Hotel Monte Taxco can be seen on top of the mesa in the upper left. This shot was taken from the balcony of the Angel Inn restaurant, looking north across central Taxco. The cliffs below Monte Taxco are blackened by mineral stains. They drop hundreds of vertical feet. In the foreground of the photo is ex-Convento de San Bernardino de Siena, seen in Part 8 of this series.

The hotel is built so that most rooms have balconies with views of the city. We considered staying at Hotel Monte Taxco, but decided on Hotel Los Arcos instead (see Part 1 of this series). Although the views from Monte Taxco are breathtaking, and the hotel itself is both lovely and reasonably priced, it is quite removed from the center of town. This would have necessitated regular use of our car on the crowded and narrow streets. We always like hotels that are near the main plaza of a town, where most of the interesting things can be found. Those without a car would need to use the Teleferico or a taxi to get down to the city below. At Los Arcos, we could keep our car garaged most of the time and just walk around.

An arbor walkway extends out from the center of the hotel toward the cliffs. This would be a nice spot to enjoy the shade on a warm day. There are great views through the arches on either side of the walkway.

A view to the west from the arbor walkway. The red tile roofs cover part of the hotel's guest rooms. Each of the rooms faces the city far below.

View to the east from the walkway. Here you can see the pool and, above it, some of the rooms. To the right of center, under the tile roof, is the terrace of the restaurant. Carole and I decided to stay for lunch and picked a table between the two columns on the far left of the tile roofed area.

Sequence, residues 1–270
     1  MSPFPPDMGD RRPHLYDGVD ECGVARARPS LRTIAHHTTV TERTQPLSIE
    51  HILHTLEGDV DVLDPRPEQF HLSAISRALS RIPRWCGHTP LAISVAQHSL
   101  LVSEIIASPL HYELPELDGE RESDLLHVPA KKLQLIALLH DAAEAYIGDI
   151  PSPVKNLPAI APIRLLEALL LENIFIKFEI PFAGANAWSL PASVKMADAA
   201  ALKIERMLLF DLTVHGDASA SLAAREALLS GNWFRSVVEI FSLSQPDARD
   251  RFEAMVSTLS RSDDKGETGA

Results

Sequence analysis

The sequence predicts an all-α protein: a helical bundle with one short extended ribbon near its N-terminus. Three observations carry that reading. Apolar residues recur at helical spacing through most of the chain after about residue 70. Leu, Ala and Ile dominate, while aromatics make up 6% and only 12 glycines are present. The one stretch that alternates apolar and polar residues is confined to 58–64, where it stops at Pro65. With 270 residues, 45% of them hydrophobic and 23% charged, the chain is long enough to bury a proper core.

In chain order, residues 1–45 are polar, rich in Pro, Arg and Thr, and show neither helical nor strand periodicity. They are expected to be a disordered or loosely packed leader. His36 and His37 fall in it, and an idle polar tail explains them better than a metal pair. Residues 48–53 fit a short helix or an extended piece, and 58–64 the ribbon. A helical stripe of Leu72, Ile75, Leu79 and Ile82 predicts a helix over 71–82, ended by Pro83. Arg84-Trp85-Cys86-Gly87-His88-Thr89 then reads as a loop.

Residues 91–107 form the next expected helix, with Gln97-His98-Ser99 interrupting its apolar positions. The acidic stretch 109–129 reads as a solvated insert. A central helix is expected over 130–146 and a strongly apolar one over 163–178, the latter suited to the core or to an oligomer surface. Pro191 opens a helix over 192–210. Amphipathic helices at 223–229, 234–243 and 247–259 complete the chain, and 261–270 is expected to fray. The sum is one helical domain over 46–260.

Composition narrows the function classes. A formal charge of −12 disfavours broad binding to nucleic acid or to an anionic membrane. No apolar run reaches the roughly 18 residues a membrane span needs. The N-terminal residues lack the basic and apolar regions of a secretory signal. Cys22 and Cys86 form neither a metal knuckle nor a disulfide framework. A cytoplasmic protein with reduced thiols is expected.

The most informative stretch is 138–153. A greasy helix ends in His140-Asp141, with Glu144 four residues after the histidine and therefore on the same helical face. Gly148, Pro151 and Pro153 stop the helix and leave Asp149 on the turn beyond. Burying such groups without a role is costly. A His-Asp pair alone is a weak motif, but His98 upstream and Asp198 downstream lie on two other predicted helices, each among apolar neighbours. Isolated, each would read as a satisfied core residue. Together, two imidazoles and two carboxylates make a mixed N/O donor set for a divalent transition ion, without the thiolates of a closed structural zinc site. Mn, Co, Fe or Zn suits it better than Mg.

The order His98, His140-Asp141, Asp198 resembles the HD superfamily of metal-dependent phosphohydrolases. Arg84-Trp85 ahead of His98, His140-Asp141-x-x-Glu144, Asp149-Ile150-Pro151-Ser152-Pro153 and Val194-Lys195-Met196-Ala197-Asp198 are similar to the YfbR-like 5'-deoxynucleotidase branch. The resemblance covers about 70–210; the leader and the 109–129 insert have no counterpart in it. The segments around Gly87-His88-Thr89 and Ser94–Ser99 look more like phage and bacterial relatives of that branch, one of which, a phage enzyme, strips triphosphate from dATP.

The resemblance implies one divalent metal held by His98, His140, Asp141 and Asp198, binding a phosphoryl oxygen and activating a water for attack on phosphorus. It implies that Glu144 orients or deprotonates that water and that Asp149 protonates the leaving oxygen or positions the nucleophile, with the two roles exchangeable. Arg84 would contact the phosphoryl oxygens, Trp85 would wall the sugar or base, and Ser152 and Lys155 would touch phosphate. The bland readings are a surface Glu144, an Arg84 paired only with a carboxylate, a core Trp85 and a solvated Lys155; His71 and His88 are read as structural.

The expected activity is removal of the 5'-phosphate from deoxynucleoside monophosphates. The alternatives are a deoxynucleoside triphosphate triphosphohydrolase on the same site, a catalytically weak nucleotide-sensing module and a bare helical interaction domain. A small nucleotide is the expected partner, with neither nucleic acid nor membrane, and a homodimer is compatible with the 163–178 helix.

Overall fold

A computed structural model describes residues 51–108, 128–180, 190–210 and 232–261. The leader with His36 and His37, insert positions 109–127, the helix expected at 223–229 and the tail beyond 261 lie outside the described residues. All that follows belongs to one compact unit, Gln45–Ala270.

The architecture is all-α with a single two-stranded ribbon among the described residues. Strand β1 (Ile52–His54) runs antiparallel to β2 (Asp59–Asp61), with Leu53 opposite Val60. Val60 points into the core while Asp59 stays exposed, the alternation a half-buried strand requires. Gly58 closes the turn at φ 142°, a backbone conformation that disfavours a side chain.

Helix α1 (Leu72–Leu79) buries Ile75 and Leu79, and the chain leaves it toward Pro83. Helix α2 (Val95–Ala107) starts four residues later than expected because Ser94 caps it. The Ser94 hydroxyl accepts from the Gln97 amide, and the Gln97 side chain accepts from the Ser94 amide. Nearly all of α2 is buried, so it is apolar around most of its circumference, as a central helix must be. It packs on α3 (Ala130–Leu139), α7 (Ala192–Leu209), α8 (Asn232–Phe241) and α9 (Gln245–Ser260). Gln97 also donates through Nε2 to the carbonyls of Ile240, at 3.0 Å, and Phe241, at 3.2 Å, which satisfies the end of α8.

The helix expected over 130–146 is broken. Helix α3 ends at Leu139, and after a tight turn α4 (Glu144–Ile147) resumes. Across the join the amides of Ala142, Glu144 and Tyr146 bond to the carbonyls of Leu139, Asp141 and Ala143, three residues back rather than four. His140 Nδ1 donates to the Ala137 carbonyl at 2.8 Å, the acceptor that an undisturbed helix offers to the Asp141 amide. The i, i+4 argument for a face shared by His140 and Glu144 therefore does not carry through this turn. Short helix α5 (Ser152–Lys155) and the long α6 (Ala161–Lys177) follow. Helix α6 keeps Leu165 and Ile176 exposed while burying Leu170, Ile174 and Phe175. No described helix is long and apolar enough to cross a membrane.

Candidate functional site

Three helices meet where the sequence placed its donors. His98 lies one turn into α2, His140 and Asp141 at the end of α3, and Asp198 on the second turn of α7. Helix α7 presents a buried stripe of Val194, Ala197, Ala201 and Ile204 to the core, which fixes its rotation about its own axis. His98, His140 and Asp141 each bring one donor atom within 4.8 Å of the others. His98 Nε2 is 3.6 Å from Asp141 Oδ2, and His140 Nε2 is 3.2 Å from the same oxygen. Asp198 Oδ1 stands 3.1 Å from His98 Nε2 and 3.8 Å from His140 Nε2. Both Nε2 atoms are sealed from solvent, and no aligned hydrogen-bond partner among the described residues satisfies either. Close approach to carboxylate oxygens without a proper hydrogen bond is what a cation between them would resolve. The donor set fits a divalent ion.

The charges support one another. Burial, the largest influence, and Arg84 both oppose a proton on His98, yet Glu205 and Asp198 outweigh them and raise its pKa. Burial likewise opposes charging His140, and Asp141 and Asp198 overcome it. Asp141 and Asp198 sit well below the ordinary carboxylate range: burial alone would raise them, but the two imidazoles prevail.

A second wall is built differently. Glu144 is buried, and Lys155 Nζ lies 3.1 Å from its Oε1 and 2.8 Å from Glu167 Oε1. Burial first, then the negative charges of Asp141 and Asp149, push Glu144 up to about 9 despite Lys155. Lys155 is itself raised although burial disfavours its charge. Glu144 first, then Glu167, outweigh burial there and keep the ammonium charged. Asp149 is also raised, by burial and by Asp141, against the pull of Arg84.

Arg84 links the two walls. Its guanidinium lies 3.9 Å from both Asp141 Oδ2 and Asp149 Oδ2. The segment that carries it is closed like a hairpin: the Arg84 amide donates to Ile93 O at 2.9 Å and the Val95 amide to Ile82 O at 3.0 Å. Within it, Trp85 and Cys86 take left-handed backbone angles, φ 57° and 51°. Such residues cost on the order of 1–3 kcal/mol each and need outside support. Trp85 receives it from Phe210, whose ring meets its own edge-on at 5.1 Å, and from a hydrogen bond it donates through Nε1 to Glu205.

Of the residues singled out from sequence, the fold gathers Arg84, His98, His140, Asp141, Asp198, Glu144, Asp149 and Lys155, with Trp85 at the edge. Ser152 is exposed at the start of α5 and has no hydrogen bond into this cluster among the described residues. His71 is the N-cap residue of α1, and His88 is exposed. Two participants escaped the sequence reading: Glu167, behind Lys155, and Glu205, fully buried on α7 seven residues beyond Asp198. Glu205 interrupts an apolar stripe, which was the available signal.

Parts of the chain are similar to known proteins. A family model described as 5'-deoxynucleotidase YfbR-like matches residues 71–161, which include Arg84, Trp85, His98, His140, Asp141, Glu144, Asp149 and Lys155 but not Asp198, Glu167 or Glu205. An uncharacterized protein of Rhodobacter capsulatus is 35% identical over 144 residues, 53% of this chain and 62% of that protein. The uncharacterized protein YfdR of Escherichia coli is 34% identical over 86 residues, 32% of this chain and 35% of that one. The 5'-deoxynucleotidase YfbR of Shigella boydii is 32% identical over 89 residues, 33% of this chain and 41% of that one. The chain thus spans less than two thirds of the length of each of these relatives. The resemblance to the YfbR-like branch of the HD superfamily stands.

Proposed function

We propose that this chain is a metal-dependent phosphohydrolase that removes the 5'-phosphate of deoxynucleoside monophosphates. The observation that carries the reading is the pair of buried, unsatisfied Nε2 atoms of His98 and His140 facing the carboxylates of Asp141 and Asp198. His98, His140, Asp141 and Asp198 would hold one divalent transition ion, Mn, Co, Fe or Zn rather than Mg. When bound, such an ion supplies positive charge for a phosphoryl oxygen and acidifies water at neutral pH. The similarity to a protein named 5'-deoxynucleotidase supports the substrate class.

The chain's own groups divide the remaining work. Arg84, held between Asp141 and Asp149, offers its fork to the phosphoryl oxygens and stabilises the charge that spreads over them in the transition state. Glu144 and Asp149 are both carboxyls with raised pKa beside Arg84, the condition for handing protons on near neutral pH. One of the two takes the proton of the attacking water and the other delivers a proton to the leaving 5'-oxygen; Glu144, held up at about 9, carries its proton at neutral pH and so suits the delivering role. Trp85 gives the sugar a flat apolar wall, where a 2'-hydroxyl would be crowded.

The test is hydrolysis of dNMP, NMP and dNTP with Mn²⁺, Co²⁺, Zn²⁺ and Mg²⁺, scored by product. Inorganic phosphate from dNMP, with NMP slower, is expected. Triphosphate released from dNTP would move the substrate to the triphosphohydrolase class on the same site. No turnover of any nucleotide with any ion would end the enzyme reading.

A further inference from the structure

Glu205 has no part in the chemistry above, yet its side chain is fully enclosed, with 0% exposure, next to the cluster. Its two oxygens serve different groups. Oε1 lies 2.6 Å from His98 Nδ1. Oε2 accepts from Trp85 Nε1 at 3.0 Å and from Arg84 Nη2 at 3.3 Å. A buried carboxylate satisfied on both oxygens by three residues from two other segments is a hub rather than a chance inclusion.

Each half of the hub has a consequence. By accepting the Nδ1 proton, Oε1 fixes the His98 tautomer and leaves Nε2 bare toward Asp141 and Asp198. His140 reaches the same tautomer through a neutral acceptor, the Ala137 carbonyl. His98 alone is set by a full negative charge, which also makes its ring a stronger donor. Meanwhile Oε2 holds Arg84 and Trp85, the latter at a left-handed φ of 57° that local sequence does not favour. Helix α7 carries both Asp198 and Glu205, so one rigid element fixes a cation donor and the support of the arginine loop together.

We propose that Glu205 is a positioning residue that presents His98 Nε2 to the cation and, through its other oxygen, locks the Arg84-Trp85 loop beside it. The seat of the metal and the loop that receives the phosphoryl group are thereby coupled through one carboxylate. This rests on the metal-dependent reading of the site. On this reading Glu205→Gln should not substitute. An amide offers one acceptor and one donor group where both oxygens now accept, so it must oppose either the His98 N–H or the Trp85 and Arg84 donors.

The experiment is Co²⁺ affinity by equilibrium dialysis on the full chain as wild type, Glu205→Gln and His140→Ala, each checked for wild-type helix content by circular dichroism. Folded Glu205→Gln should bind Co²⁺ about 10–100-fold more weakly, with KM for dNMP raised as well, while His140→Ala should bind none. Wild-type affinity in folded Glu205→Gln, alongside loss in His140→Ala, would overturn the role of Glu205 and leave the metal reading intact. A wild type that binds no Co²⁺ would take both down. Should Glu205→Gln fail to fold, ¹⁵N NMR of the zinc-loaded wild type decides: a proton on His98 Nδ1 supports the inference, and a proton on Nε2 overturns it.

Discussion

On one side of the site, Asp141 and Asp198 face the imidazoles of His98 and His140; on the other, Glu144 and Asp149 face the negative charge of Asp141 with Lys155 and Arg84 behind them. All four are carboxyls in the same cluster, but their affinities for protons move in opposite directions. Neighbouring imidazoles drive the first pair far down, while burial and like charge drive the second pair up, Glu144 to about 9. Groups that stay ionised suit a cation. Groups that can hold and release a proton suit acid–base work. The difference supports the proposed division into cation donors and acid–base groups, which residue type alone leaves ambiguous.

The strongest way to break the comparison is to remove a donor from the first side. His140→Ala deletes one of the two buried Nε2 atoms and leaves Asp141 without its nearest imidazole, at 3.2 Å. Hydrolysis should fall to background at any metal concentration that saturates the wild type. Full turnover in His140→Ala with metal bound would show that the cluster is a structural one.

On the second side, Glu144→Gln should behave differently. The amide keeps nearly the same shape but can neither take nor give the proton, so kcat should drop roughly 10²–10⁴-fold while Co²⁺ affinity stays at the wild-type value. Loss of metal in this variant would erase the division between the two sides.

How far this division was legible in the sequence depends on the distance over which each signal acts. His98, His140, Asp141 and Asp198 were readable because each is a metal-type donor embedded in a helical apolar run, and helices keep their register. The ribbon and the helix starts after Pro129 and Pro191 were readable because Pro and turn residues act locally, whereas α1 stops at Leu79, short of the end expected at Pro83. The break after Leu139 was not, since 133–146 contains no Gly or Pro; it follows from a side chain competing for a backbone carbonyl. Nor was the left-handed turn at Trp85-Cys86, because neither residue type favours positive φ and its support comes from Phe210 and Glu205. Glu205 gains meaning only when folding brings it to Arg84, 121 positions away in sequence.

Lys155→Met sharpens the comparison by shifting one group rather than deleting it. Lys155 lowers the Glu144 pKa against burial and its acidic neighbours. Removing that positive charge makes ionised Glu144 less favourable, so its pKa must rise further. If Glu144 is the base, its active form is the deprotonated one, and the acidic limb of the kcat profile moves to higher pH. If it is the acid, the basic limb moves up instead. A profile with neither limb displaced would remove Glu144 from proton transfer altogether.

Carole sits at the table at the end of the restaurant terrace. At that moment, we were their only customers. This allowed us to choose the table with the most panoramic view.

The view from our table. Our server was very attentive and obliging. At my request he pointed out several landmarks so that I could zero in on them with my telephoto lens. The food was excellent and reasonably priced, but it was hard to pay it any attention with this spectacle before us.

La Vista Grande

View toward the south showing central Taxco. Parroquia Santa Prisca is in the upper right quadrant of the photo. The city spills down the steep slopes like water flowing downhill. It then pools out into a depression surrounded by low hills. White walls with red tile roofs are the dominant color-scheme, a style that has persisted for centuries. Taxco's many attractive qualities have enabled the city to achieve the coveted status of Pueblo Magico (Magic Pueblo).